[Herbal Rootlets]: No. 60 – Ahh-aah-CHO! Ragweed to the Rescue?!

Aah-aah-CHO! Ragweed to the Rescue?!

The Environmental Protection Agency now warns us that indoor air pollution is the nation’s number one environmental threat to health- and it’s from two to ten times worse than outdoor air pollution. A child indoors is more susceptible to spore of toxic molds growing under that plush carpet; or bacteria or allergens carried by household vermin; or carbon monoxide, radon and lead dust. The allergen level of newer, sealed buildings can be as much as two hundred times greater than that of older structures.

― Richard Louv, Last Child in the Woods: Saving Our Children from Nature-Deficit Disorder

As I sit here to write this newsletter, my writing is interrupted in a volley of sneezes. Ahhh, Ragweed has struck at last! In the years past, this time of year was a time of misery for me on a daily basis for weeks at a time. Since working with herbs to treat my seasonal allergies, I now generally only suffer one or two days for the entire season. Blessed herbs!

As always, I attack with a multi-pronged approach. I drink Nettles infusions several times a week throughout the year. In the spring, when Ragweed sprouts out of the ground, I start adding a leaf to my daily tea, increasing the dosage as the leaf size increases. And when an episode happens, I take a few doses of Ragweed extract and the spell is over by the end of the day. This month’s issue, Redeeming Ragweed, is about how our foe, Ragweed, can be turned into our ally. The following is an excerpt from this month’s issue…

Ambrosia artemisifolia & A. trifida growing side by side.

Ambrosia artemisifolia & A. trifida growing side by side.

Sneaky Ragweed, shyly blooming in the autumn, has a tiny green flower that is not visible without closely searching the plants upper stalk to find it. Goldenrod generally gets the blame for the allergies that are caused this time of year, unfairly so as Goldenrod is insect pollinated while Ragweed, blooming at the same time, is wind pollinated, freely sharing his pollen with anyone within sneezing distance.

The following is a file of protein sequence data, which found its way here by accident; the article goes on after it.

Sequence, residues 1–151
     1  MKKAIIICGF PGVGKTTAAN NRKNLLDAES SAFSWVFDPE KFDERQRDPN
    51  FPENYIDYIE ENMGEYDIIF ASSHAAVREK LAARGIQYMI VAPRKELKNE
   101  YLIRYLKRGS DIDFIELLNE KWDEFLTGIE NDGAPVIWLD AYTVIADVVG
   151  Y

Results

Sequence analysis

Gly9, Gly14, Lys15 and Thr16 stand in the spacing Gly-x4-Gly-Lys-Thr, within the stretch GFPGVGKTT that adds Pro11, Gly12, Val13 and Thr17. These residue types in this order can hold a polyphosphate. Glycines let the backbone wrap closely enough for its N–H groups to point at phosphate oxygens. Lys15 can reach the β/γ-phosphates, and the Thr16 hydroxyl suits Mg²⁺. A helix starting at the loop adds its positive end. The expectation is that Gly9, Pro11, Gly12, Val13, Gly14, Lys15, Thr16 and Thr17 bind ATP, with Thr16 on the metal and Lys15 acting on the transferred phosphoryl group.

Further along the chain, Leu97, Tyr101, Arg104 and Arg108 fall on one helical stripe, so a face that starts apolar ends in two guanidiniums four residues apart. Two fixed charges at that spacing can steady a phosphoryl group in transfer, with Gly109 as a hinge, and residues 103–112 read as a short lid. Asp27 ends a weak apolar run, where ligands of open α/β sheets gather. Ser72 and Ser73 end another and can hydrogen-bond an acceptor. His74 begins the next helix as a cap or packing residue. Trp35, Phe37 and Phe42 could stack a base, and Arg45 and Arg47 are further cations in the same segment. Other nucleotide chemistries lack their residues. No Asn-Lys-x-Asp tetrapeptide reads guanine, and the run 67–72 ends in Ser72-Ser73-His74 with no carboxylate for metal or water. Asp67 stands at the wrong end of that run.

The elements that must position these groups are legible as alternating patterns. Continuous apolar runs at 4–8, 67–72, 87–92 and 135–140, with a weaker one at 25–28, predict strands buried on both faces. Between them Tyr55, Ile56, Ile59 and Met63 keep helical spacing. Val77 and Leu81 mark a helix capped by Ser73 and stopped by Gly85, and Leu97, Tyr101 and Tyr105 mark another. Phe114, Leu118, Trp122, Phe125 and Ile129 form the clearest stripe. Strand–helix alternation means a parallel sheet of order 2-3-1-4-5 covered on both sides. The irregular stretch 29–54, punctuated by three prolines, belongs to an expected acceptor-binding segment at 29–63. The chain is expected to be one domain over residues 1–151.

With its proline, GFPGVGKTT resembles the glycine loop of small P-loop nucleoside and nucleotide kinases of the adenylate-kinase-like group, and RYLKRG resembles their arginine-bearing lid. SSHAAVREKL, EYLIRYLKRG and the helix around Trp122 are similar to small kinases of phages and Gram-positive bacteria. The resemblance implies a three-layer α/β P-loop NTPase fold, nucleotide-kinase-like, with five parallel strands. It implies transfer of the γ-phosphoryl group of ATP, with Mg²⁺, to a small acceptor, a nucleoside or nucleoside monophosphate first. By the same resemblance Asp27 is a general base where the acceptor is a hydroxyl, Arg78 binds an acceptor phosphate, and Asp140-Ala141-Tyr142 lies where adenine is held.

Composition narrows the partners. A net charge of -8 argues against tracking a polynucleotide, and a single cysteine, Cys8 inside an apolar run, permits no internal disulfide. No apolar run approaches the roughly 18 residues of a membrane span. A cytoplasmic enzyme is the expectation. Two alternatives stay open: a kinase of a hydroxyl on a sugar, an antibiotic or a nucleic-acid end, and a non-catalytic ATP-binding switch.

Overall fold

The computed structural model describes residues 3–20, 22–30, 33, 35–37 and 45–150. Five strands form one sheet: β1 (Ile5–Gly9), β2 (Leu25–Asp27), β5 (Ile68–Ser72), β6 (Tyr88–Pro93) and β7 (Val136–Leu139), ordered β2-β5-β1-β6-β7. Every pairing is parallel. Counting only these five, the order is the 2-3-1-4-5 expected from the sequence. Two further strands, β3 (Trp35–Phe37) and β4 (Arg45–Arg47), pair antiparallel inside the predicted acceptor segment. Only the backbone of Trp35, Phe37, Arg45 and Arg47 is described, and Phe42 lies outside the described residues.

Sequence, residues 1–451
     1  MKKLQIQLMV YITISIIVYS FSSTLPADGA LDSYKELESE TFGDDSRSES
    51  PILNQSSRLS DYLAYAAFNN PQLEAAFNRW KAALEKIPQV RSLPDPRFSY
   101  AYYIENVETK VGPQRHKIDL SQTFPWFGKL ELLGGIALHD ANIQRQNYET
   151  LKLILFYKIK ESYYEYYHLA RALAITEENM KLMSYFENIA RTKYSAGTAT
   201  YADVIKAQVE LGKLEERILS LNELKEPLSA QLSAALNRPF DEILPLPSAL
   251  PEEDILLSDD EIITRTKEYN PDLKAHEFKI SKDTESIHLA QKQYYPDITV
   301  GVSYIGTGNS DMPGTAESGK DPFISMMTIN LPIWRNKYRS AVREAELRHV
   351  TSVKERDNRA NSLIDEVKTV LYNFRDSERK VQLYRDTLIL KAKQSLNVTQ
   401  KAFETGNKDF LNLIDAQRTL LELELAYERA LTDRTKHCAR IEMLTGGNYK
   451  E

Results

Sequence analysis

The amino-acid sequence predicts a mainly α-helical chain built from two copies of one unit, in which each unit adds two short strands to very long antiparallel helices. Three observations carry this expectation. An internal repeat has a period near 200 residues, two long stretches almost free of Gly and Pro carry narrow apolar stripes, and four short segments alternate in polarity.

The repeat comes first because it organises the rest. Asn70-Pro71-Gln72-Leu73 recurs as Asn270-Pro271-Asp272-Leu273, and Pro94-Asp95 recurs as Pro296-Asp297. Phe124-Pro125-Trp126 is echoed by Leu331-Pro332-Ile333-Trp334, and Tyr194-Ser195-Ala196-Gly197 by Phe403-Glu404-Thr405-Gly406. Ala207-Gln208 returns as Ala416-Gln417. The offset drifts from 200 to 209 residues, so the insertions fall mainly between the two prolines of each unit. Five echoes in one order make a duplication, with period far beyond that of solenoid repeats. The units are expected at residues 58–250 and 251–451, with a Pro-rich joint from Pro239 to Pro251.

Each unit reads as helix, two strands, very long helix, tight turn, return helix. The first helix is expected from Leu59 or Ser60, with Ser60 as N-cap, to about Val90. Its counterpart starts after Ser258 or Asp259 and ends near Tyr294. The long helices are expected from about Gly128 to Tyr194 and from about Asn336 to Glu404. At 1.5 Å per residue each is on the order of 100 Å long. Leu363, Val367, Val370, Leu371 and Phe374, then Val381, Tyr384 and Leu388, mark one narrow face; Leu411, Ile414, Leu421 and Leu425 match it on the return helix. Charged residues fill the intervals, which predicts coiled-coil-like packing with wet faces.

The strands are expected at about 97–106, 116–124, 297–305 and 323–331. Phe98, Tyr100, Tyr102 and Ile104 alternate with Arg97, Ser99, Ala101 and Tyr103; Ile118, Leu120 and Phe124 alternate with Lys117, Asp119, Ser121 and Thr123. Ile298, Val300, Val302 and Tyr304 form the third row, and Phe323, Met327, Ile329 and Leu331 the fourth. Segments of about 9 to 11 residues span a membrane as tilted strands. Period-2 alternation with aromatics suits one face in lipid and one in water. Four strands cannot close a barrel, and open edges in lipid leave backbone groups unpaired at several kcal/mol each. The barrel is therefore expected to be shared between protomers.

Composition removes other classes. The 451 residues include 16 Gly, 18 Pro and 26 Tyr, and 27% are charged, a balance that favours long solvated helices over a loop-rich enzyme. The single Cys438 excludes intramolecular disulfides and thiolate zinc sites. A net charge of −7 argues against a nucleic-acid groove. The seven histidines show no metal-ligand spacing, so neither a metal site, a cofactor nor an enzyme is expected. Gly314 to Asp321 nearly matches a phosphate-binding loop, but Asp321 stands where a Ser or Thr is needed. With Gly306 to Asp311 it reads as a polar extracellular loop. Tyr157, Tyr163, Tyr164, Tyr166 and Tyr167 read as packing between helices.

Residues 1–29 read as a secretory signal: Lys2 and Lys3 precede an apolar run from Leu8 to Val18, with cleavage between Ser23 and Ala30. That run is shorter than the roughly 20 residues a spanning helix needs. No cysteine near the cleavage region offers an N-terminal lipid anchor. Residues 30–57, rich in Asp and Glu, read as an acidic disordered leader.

Interestingly enough, the plant that causes much misery (he is the number two cause of allergens, following closely behind the number one spot held by mold), can also be the cure. Like cures like, as homeopathy suggests, and Ragweed is no exception. I prefer to add small amounts of leaf to my morning teas throughout the season, increasing the size of the leaf as the plant grows. In doing so, my body has become acclimated to the Ragweed and autumn is no longer dreaded. Similarly, the tincture can be taken over the year or taken during an acute episode to relieve the symptoms as well. More on this later.

Ambrosia trifida seedling

Ambrosia trifida seedling

Common Ragweed, Ambrosia artemisiifolia, removes lead out of the ground more efficiently than any other plant, making him a good crop for cleaning lead toxins from the soil.

Ambrosia artemisifolia seedling

Ambrosia artemisifolia seedling

Ragweed is often called Ragwort, the name of another plant that contains toxic pyrrolizidine alkaloids, Jacobaea vulgaris, syn. Senecio jacobaea, which is also called Ragweed. Pyrrolizidine alkaloids are toxic to our livers, as well as animals which may consume the plant. This is a great example why it’s important to learn the botanical names of plants!

Ambrosia artemisifolia leaf

Ambrosia artemisifolia leaf

Historically, the Native Americans grew fields of Ragweed. Were they crazy? It would seem so but interestingly enough, the seeds (and leaves) of Ragweed have a great amount of nutrition to be had. The seed, or grain, contains 47% crude protein and 38% crude fat according to Green Deane. Given the botanical name of “Ambrosia” or “food of the Gods”, it seems likely that Ragweed was at one time considered a staple of their diet and documented by white man who later named it accordingly. Ragweed also contains calcium, copper, iron, magnesium, manganese, molybdenum, potassium, phosphorus, sodium, sulfur and zinc. He most likely contains vitamins but no studies could be found with that information.

Ambrosia trifida leaf

Ambrosia trifida leaf

Ragweed contains a good many constituents including volatile oils, quercetin and bitter alkaloids.

If you have Ragweed growing in your yard or garden, pick a leaf to try this experiment. Chew a bit of the leaf and notice what you taste. Is the leaf bitter? How does it make your mouth feel? A bit dry? Does it seem to warm it up or cool it down? Most agree that Ragweed is bitter, drying and cooling.